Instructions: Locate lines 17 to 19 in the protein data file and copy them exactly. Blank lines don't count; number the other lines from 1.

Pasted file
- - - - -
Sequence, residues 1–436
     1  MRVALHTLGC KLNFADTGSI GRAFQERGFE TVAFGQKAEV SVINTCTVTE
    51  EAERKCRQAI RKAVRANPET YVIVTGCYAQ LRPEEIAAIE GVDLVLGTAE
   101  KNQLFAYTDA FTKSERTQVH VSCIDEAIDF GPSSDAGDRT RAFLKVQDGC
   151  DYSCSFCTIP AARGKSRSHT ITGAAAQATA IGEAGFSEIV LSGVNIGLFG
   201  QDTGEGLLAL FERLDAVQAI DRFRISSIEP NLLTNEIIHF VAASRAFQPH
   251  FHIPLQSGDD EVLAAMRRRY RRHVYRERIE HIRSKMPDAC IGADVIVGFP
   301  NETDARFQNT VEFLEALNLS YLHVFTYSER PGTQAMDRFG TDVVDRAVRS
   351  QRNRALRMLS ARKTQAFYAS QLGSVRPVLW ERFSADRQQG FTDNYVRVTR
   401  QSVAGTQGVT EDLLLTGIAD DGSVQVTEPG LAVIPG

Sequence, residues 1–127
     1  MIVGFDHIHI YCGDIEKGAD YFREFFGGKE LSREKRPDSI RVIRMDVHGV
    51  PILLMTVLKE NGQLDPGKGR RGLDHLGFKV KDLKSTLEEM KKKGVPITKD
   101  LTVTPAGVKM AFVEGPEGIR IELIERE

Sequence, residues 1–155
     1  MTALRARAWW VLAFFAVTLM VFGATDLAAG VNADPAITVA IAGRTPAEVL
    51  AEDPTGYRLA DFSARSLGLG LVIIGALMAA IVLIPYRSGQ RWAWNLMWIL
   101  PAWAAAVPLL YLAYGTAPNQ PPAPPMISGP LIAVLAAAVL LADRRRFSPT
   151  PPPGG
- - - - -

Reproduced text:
    51  AEDPTGYRLA DFSARSLGLG LVIIGALMAA IVLIPYRSGQ RWAWNLMWIL
   101  PAWAAAVPLL YLAYGTAPNQ PPAPPMISGP LIAVLAAAVL LADRRRFSPT
   151  PPPGG